A common point raised in renewable energy discussions is that the environmental cost of producing items such as solar panels is high. After all they are made from non-renewable resources and fossil fuels.
“The environmental costs to produce solar panels are more than you’ll ever save…”
We asked Markus Lambert, National Solar Manager for LG Energy for his response.
Craig Bailey (Solar Trust Centre): One of the common responses we see on Facebook when discussing solar and renewables, are people stating objections such as, “It costs more in fossil fuels to build the solar panels and systems than you’ll ever save over the life of the system.”
Markus Lambert (LG Energy): You’re raising the issue of the true carbon neutralness on the solar panel. Now, if a solar panel is of a very poor quality, and unfortunately in Australia, we have solar panels coming in attracting a rebate, which as it’s buy rule has that this panel has to achieve clean energy for 15 years. But unfortunately, in many cases, the very, very, cheap stuff fails within two or three years and the customers have a very poor experience.
Craig: How does the carbon footprint work for Solar Panels?
Markus: The solar product by the time it’s been made, shipped to Australia, put by the installer on the back of the car and installed on your roof – the solar system has caused a certain amount of CO2 to produce and for most panels in Australia it looks at about a two to two-and-a-half-year payback to actually get into a CO2-positive position. I’ll explain that in a second, how it works. But that means if the panel dies after year three, you’ve hardly made a difference in the CO2. So, buying very cheap solar is not going to help the CO2 abatement.
Craig: So how can one get the best CO2 abatement and true renewable energy outcome?
Markus: If you buy a high-quality high-efficient panel – eg if I can get out of the same panel 320 watt than the 250 watt, that means I use the same amount of aluminium, I use the same amount of glass, but I actually overall generate more electricity out of that panel. So the higher efficient the panel, the lower, what is called the CO2 footprint.
Craig: How does the CO2 calculation works?
Markus: Now, what you’ve got to do in your calculation, you’ve got to count what it costs to get the aluminium and have that generated, and then also the manufacturing of the panel, and the making of the glass, and certain calculations are available that you know what this manufacturing process normally will take in energy. So the less energy intensive your manufacturing process, the better the CO2 abatement. LG, actually have solar panels on the top of the solar factory. So if one is using renewable energy to make the panels, naturally that reduces the CO2 footprint of the panel in the first place.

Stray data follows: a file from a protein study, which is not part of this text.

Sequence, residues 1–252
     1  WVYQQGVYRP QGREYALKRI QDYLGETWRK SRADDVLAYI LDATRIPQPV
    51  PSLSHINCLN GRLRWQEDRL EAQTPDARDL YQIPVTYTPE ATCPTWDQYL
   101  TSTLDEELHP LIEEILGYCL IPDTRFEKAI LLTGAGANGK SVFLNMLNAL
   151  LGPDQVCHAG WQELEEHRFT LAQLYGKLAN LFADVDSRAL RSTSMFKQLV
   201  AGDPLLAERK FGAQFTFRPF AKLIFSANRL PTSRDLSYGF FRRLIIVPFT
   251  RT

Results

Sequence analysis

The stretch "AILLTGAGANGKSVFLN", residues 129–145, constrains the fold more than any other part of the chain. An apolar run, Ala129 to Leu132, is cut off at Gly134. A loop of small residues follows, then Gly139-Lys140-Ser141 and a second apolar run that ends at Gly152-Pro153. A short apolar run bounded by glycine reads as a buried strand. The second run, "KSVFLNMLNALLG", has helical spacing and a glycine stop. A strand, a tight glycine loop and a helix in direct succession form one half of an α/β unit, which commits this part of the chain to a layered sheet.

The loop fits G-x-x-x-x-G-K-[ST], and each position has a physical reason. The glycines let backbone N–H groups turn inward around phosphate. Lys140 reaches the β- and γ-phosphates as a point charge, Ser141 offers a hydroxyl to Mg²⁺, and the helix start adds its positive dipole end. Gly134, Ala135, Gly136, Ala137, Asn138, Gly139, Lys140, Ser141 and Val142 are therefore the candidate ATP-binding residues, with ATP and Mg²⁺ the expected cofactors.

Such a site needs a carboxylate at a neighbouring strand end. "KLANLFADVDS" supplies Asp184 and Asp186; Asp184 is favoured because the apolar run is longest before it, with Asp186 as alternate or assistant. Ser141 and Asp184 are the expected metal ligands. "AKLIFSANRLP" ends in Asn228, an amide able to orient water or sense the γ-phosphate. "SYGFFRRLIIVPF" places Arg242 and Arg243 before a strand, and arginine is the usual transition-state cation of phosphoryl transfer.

Craig: So how long does it take for a panel to be truly carbon neutral ?
Markus: So, the calculation, for example, for the LG NeON2 is that you’re looking at about a 1.4-year payback in CO2 in a place like Perth or Brisbane in Australia. In Sydney, because it generates a little bit less electricity in Sydney than in Perth, you’re probably looking at 1.5 to 1.6 years. After that, the panel is generating genuine carbon-positive electricity. But you would look at most panels of the cheaper variety between around the two-year plus mark, of the high-efficient ones, about a year-and-a-half or a bit less.
Thank you to Markus for his responses.
Two years to be carbon positive
Summary: If you install high quality, high-efficiency solar panels they have a 2 year CO2 payback (possibly less). ie electricity they produce after the 2 year mark is fully carbon positive.
Put it another way: it takes around 2 years for you to pay back the environmental cost of all the materials and production and transport of the solar panels. After 2 years you are effectively generating electricity free from any environmental cost.
Featured image: Solar factory in Gumi with 3.5MW of solar panels (photo provided by LG)
Product mentioned: Markus referred to the LG NeON2 Solar panel
This article was originally published on Solar Trust Centre.